metabolism and function of this lipoprotein in the reverse cholesterol transportation depends heavily on lipid [6] Alper CM, Mattes RD. Peanut consumption improves indices of cardiovascular disease risk in healthy adults. J Am Coll Nutr 2003;22(2):133-41.
The single alteration in the lipid transfers to HDL elicited [7] Chunhieng T, Pétritis K, Elfakir C, Brochier J, Goli T, Montet D. Study by nut consumption, that is, the increased influx of of selenium distribution in the protein fractions of the Brazil nuts, cholesteryl esters into the HDL fraction may be interpreted Bertholletia excelsa. J Agric Food Chem 2004;52(13):4318-22.
C.C. Strunz et al. / Nutrition Research 28 (2008) 151–155 [8] Brenneisen P, Steinbrenner H, Sies H. Selenium, oxidative stress, and [18] Mackness MI, Harty D, Bhatnagar D, Winocour PH, Arrol S, Ishola M, health aspects. Mol Aspects Med 2005;26(4-5):256-67.
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[21] Lee O, Moon J, Chung Y. The relationship between serum selenium [12] USDA national nutrient database for standard reference. levels and lipid profiles in adult women. J Nutr Sci Vitaminol 2003;49 [13] Friedewald WT, Levy RI, Fredrickson DS. Estimation of the [22] Spagnolo A, Morisi G, Marano G, Righetti G, Maietta A, Menotti A.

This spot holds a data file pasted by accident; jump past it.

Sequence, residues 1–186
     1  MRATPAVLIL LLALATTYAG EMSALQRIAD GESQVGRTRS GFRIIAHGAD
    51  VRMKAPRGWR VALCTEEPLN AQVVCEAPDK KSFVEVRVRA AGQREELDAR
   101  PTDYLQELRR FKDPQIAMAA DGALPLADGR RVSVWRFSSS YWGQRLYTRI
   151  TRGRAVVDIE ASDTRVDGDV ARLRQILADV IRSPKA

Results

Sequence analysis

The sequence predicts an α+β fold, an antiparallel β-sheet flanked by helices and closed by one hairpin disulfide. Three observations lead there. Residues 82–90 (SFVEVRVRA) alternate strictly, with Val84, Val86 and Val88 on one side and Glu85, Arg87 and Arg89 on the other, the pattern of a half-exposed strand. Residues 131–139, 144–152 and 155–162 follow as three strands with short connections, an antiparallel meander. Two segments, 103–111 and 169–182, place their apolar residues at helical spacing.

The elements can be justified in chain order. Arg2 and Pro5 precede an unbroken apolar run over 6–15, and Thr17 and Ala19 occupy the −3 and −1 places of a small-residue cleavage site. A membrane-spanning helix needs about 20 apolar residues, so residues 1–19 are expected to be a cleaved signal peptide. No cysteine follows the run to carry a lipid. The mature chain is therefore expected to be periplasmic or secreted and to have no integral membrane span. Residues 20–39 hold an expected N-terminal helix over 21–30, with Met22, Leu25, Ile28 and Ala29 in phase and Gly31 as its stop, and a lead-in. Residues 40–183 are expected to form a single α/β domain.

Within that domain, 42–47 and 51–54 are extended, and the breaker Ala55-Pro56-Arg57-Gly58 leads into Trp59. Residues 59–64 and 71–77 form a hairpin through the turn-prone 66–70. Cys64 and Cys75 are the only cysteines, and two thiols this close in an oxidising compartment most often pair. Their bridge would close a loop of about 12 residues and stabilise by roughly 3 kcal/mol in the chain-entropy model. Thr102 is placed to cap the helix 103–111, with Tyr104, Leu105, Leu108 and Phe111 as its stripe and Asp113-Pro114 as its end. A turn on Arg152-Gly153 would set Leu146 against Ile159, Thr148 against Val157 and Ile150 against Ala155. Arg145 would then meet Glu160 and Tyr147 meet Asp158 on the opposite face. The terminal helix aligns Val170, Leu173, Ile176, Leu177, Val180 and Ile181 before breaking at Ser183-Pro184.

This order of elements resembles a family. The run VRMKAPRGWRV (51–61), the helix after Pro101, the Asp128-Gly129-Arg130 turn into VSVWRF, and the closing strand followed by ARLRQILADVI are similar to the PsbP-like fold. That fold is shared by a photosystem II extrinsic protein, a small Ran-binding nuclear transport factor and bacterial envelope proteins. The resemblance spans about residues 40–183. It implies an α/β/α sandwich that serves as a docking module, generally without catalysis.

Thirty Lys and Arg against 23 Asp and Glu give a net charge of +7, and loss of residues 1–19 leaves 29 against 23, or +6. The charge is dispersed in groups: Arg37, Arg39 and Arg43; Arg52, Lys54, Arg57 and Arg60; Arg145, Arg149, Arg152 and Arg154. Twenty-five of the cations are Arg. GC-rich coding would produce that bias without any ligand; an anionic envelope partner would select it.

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[14] Lima ES, Maranhão RC. Rapid, simple laser-light–scattering method [23] Versieck J, Cornelis R, editors. Trace elements in human plasma or for HDL particle sizing in whole plasma. Clin Chem 2004;50(6): serum. Boca Raton (Fla): CRC Press; 1989.
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[17] Dina CH, Lo Prete AC, Azevedo CHM, Hueb W, Lopes N, Maranhão RC. Transfer of lipids to high density lipoprotein in coronary artery [27] Lewis GF, Rader DJ. New insights into the regulation of HDL disease patients: effects of simvastatin. XVI International Symposium metabolism and reverse cholesterol transport. Circ Res 2005;96(12): on Drugs Affecting Lipid Metabolism, Nova Iorgue, vol. 1. 2007. p. 485.


Coders dictionary sample4